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New Study Reveals Benefits of Multi-micronutrient-fortified Milk and Cereals

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New Study Reveals Benefits of Multi-micronutrient-fortified Milk and Cereals

New Study Reveals Benefits of Multi-micronutrient-fortified Milk and Cereals
July 16
11:22 2012

Milk and cereal products fortified with iron and a combination of other micronutrients are more likely to help reduce iron-deficiency anaemia in children than foods fortified with iron alone, according to a new study commissioned by Nestle. Researchers from the Winterthur Institute of Health Economics in Switzerland analysed the combined results of 18 published trials involving a total of more than 5,400 children.

They found consumption of milk and cereal products fortified with iron and other micronutrients – such as zinc and vitamin A – were associated with a significant increase in the level of haemoglobin in young children’s blood. Anaemia – the state of having too few red blood cells and therefore too little haemoglobin – is commonly caused by a lack of iron in the diet.

The researchers found single iron-fortified products increased haemoglobin levels significantly more than similar non-fortified products. However, multi-micronutrient-fortified milk and cereals produced even more significant increases in haemoglobin than their single iron-fortified counterparts.

The study, published in the Bio Med Central Public Health journal, is believed to be the first analysis of the combined results of published studies examining the effect of micronutrient-fortified milk and cereals on the blood haemoglobin of children from the age of six months up to three years. The researchers identified about 1,000 potentially relevant trials from the last 45 years to pinpoint those suitable to include in the study.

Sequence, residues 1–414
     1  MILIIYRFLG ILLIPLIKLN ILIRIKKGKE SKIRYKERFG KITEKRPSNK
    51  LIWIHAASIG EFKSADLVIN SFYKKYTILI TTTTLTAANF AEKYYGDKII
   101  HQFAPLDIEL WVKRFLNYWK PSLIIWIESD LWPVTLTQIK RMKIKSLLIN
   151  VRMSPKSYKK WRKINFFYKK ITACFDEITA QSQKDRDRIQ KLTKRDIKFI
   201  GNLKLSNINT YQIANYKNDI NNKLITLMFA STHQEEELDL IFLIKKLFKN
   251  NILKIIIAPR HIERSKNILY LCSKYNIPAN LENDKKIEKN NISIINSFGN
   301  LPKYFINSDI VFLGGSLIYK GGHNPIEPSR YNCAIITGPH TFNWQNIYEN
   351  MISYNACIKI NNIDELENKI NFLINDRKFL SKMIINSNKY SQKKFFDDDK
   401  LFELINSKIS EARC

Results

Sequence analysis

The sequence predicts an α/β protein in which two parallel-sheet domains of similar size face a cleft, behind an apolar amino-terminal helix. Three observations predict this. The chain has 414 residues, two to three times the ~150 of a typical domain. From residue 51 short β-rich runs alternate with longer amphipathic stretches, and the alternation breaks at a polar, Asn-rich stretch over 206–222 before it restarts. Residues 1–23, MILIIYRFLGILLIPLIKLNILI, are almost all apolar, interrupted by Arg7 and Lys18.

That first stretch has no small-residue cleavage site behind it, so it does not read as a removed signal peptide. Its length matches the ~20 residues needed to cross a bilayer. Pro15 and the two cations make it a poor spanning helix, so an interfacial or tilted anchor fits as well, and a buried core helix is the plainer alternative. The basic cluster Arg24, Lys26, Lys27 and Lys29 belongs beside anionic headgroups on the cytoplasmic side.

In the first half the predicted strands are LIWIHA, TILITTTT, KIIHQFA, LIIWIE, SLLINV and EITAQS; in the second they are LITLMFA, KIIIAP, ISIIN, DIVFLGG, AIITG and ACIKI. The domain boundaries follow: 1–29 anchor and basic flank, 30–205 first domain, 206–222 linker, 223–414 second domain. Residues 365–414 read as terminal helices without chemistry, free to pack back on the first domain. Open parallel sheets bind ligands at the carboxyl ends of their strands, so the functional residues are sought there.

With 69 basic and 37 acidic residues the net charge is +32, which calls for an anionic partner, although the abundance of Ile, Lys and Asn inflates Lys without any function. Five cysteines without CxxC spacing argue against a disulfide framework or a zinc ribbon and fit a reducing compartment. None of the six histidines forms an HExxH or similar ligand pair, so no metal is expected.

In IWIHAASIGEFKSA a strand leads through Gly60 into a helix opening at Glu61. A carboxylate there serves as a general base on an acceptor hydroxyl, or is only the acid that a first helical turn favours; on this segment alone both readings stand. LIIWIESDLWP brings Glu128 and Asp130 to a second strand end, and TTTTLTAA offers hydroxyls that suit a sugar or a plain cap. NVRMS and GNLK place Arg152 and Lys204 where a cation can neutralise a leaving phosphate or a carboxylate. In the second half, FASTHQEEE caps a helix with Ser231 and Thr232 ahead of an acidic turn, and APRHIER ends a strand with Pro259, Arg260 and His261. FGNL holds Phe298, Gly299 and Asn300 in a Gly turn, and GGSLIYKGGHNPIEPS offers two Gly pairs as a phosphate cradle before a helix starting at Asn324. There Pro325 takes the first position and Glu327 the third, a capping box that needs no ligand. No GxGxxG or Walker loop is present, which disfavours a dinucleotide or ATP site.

Young children and pregnant women are particularly vulnerable to iron deficiency because they need higher levels of the mineral for growth. The consequences of long-term lack of iron in the diet can include impaired mental development in children, decreased physical work capacity and impaired immune function.

The researchers’ findings help to explain in biological terms why multiple, rather than single, micronutrient deficiencies are responsible for a variety of health problems.

The study was commissioned by Nestle and the Nestle Nutrition Institute. Nestle has more than 140 years’ experience in improving the micronutrient profile of food products through fortification. The company’s first fortified product was an iron-enriched version of its founder Henri Nestle’s original infant cereal ‘Farine Lactee’, launched in 1867.

Today, Nestle offers a range of products around the world fortified with micronutrients including iron and vitamin A. The company’s dairy business makes fortified, affordable milks available in more than 80 countries around the world, where they are largely consumed by pre-school children.

A non-profit organisation based in Switzerland, the Nestle Nutrition Institute is committed to fostering ‘science for better nutrition’, by sharing scientific information and educational materials with health professionals, scientists and nutrition communities in an interactive way.

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